Transatlantic Reprieve? – Biden Presidency and Trump’s Trade War with EU

Written by | Monday, November 2nd, 2020
@Eubulletin

The EU’s trade relationship with the US has suffered during the tenure of President Donald Trump. Trump’s obsession with bilateral trade deficits, and his perception that the EU takes advantage of the US, have led to him using national security concerns as an excuse to levy tariffs on EU steel and aluminium exports – while continually threatening to do the same to European cars. The EU’s response to Trump’s unorthodox trade policy has been to strike mini-deals where necessary, to avoid further escalation, but otherwise wait him out in the hope that someone more amenable will replace him. A Joe Biden victory on 3 November would offer an opportunity to re-set the US-EU trade relationship, and open up some new opportunities for productive co-operation. But the Biden approach may not be as pro-free trade as the EU would like, with protectionist rhetoric around Buy American provisions featuring prominently in his campaign. And the two powers would continue to disagree on many issues, particularly on how best to deal with China.

Trade policy is unlikely to be a top priority for a Biden administration that would be tasked with mopping up the economic wreckage of COVID-19. And when trade does enter the discussion, domestic political pressure will probably centre on efforts to re-shore some medical and other critical supply chains, bring China into line, and bolster American influence in the Asia-Pacific region. However, Biden and the team around him are keen to re-build bridges with the EU, and mend some of the damage caused by Trump. This would mean that Trump’s threat of national security tariffs on imports of European cars would probably be taken off the table once and for all, and the chances of the US removing its tariffs on imports of EU steel and aluminium would be high. It is also possible that a Biden presidency could finally see the end of the 16-year dispute between the US and EU over their respective subsidies to Boeing and Airbus. If Biden wins, and signals that he is willing to negotiate a compromise settlement once in office, the EU would probably hold fire, opening up the possibility of a settlement.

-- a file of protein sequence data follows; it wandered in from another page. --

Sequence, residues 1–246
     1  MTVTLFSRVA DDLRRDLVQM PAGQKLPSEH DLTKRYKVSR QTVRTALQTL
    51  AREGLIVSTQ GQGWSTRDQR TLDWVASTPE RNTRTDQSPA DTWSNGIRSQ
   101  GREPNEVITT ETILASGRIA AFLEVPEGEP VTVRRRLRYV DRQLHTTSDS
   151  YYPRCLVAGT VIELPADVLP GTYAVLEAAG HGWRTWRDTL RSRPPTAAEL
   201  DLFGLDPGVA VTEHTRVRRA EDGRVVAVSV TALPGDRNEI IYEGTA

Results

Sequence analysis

But those hoping for a swift US-EU trade deal to place transatlantic economic ties on a firmer footing are set to be disappointed. A comprehensive US-EU free trade agreement would probably be viewed as more hassle than it is worth by both the US and EU. The legacy of the failed TTIP negotiations under President Obama lingers, and the divergence between US and EU attitudes to food standards and agriculture market access has, if anything, widened, with a larger Green presence in the current European Parliament. And while it is possible that Biden and his advisors would be happy to pursue an agreement with the EU focused solely on uncontentious issues such as industrial goods and mutual recognition of conformity assessment, it is unlikely that a trade deal that failed to unlock new market access for American farmers would be ratified by Congress. Furthermore, Biden would need to regain approval from an increasingly protectionist Congress to negotiate US trade agreements on its behalf, further reducing his scope for flexibility and compromise.